by DEVANSHI SRIVASTAVA
According to the Globe Health Organization (WHO), more than 55 million individuals worldwide suffer from dementia, a neurological disease that causes them to lose their memories and costs the world $1.3 trillion each year.
The progressive condition can be brought on by a stroke, a brain injury, or Alzheimer’s disease, and as the world’s populations grow older, the number of people suffering from it is expected to rise to 78 million by 2030 and 139 million by 2050, according to a report released on Thursday by the World Health Organization.
Despite this, only one in every four nations has a national strategy in place to assist dementia patients and their families, according to the report, which calls on governments to rise to the public health challenge of dementia care.
The majority of these nations are located in Europe, with the rest spread throughout various other areas of the globe.
However, even in Europe, many programmes are about to expire or have already expired, suggesting that governments must reaffirm their commitment, according to the World Health Organization.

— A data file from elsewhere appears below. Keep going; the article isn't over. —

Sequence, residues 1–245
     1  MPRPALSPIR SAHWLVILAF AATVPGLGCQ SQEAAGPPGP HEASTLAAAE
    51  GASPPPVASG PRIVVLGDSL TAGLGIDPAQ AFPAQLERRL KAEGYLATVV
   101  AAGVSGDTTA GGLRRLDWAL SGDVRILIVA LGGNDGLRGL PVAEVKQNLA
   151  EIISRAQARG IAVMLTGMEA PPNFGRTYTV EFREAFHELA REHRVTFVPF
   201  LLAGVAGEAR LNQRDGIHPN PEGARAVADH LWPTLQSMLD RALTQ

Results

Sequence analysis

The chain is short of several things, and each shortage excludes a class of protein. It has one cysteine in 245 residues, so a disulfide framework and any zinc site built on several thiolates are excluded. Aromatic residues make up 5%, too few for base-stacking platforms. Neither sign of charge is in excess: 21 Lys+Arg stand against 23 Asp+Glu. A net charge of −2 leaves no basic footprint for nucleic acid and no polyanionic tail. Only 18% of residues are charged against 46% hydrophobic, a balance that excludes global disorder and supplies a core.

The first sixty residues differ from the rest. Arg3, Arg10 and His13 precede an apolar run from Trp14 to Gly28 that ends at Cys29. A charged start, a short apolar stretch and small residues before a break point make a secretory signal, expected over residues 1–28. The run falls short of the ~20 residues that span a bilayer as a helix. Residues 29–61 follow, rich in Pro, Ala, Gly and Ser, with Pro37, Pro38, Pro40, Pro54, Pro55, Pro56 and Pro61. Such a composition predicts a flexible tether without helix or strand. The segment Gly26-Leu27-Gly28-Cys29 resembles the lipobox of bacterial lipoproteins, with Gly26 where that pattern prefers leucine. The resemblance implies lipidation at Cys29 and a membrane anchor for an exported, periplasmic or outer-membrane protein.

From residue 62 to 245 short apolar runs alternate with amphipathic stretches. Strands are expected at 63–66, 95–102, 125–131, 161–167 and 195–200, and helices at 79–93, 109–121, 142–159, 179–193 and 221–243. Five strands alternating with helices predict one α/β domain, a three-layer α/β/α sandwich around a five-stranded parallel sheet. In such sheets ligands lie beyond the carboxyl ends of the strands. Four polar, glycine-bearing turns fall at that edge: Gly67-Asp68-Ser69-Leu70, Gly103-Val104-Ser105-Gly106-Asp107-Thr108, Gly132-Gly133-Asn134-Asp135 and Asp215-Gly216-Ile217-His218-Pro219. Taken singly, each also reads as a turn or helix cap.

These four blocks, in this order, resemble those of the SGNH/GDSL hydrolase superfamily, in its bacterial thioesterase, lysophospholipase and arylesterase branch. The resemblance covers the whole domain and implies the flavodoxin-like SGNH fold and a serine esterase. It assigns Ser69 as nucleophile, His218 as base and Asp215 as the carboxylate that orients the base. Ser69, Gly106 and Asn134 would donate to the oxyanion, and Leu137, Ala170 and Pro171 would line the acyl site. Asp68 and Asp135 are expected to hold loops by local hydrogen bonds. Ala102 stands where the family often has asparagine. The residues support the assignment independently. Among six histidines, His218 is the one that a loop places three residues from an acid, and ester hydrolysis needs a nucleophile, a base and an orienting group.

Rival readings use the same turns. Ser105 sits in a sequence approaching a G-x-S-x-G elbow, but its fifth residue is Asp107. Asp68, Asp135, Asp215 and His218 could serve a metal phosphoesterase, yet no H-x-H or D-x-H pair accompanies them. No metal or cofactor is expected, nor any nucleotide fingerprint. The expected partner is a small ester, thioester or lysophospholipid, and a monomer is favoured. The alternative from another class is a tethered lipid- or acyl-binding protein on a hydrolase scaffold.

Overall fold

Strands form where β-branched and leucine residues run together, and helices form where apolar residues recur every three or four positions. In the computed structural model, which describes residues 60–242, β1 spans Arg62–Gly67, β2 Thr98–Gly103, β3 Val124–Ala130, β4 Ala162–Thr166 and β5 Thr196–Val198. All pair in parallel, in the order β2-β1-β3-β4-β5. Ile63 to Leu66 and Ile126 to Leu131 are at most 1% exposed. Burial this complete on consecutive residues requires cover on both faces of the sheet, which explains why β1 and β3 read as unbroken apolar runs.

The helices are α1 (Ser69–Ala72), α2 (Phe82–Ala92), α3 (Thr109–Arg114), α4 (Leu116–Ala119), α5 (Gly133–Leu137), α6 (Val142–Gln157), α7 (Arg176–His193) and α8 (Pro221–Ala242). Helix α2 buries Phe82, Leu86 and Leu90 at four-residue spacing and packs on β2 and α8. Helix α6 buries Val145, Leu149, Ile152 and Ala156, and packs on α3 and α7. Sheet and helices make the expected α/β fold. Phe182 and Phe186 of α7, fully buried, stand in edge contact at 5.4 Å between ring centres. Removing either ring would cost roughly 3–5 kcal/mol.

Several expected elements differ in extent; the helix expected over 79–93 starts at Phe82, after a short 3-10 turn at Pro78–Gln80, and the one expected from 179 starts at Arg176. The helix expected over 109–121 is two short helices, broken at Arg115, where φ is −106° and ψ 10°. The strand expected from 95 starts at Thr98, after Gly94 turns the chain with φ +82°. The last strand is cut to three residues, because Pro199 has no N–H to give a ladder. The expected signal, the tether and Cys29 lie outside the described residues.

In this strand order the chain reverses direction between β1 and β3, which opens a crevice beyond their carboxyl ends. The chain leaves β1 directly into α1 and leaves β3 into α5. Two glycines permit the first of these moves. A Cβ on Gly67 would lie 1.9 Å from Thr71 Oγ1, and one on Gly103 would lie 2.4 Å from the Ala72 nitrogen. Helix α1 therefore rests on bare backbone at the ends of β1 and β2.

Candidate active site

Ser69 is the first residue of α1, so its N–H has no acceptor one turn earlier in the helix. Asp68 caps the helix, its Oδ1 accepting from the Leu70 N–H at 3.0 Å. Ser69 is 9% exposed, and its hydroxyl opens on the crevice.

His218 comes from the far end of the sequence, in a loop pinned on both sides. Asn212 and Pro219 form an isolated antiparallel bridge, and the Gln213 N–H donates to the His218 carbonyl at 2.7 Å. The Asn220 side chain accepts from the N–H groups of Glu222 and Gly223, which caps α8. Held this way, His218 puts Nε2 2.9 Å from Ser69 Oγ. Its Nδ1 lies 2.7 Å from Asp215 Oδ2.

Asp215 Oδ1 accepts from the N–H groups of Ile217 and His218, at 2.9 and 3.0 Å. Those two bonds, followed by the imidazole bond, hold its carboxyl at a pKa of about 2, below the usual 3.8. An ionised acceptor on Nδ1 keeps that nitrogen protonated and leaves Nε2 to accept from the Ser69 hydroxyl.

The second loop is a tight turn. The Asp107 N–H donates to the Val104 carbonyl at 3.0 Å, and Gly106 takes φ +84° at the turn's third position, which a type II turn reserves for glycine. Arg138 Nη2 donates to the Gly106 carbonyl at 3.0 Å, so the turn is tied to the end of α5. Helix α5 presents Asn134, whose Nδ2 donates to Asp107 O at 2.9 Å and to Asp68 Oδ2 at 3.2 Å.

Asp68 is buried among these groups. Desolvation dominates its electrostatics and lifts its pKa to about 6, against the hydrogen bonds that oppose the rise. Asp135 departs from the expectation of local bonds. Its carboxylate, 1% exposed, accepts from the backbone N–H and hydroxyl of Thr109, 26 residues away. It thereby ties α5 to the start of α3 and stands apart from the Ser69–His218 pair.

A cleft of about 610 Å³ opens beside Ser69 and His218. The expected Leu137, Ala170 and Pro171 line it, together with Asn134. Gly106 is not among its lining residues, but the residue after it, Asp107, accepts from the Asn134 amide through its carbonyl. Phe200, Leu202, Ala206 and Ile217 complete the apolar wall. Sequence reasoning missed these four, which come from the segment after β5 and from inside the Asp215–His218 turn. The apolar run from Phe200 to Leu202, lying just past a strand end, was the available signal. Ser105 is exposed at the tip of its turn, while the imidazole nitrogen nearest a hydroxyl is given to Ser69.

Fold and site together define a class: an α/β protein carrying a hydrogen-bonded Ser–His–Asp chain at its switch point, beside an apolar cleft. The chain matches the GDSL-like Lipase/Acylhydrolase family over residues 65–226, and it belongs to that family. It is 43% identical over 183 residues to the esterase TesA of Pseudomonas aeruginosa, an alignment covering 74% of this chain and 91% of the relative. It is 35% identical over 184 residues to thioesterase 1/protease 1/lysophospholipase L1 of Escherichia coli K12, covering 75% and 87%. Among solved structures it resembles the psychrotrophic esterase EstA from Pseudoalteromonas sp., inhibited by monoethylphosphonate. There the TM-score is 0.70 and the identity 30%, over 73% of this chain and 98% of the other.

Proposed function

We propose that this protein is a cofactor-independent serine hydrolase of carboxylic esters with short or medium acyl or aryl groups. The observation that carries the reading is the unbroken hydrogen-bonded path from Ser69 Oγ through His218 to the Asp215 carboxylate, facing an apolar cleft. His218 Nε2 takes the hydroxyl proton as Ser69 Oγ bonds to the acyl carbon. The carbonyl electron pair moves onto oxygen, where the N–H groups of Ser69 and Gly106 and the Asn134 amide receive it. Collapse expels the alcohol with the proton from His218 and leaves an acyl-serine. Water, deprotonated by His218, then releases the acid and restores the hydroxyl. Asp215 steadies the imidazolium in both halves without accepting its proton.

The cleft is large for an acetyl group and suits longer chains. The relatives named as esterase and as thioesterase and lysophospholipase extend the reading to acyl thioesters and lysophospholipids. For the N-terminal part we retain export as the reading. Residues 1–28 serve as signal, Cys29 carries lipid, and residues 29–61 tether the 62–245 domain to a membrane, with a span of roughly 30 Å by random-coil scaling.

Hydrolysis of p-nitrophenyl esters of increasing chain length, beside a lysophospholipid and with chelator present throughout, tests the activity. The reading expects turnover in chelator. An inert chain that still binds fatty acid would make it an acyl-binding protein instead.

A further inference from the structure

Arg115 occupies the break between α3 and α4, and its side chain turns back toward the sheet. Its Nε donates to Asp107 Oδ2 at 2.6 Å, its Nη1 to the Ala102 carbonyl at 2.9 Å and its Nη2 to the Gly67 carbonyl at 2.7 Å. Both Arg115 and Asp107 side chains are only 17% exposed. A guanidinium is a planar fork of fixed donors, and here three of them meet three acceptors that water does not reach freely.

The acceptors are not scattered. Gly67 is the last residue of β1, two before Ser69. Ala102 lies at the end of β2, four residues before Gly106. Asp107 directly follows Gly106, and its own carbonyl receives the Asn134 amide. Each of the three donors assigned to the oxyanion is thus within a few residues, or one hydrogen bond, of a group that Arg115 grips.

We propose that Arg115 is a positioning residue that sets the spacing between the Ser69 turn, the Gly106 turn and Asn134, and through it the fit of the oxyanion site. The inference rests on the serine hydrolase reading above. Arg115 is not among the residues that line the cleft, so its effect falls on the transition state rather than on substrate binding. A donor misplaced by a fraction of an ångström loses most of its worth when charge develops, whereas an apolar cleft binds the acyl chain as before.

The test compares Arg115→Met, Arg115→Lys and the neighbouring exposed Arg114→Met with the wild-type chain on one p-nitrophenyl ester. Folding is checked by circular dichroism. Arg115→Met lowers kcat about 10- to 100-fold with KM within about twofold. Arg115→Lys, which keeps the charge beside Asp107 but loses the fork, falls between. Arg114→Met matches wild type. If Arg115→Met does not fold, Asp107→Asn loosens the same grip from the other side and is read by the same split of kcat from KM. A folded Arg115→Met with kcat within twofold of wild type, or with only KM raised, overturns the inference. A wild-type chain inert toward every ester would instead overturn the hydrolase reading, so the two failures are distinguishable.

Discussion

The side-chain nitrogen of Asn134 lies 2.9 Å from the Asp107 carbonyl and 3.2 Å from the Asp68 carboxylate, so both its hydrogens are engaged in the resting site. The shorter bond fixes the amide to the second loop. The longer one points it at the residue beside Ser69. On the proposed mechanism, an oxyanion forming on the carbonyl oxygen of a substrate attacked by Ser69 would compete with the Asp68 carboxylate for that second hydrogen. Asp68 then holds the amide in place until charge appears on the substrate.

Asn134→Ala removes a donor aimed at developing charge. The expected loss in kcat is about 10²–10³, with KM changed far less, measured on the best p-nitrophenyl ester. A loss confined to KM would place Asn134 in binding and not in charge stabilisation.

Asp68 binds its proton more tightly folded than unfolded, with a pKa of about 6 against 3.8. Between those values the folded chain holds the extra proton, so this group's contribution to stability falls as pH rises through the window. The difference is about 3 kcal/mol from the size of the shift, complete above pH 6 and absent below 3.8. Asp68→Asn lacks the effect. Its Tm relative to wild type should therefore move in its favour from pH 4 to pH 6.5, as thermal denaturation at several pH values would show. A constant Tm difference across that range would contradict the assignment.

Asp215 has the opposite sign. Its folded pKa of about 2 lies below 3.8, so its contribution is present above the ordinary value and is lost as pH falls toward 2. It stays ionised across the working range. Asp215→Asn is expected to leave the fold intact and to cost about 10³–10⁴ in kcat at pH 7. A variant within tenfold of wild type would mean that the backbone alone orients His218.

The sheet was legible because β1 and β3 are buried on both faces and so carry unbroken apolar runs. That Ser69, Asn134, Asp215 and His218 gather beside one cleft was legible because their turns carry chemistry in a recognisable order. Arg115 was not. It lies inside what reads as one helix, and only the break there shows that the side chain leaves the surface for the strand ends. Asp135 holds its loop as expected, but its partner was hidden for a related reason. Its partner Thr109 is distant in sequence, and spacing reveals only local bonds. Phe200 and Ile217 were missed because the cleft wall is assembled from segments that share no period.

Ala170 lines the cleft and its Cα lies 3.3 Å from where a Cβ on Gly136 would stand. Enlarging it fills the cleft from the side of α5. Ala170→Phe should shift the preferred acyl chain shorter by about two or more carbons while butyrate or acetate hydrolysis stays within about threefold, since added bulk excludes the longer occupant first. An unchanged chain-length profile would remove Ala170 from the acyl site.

“Dementia robs millions of individuals of their memories, independence, and dignity, but it also robs the rest of us of the people we know and love,” said Tedros Adhanom Ghebreyesus, the organization’s head.
In a statement, he was reported as stating, “The world is failing individuals suffering with dementia, and this affects all of us.”
In 2015, health ministers agreed on a worldwide action plan, which included early diagnosis and the provision of treatment. However, the strategy is falling short of achieving goals by 2025, according to the report.
Most individuals who get dementia are above the age of 65, although it may affect persons as young as their 30s and 40s.
Although there is no cure, studies have shown that a healthy lifestyle may prevent or postpone the onset of about 40% of cases.
Depression, poor educational attainment, social isolation, and a lack of cognitive stimulation are all risk factors.
Dementia has a negative impact on memory, orientation, learning capacity, language, judgement, and the ability to carry out daily activities, among other things.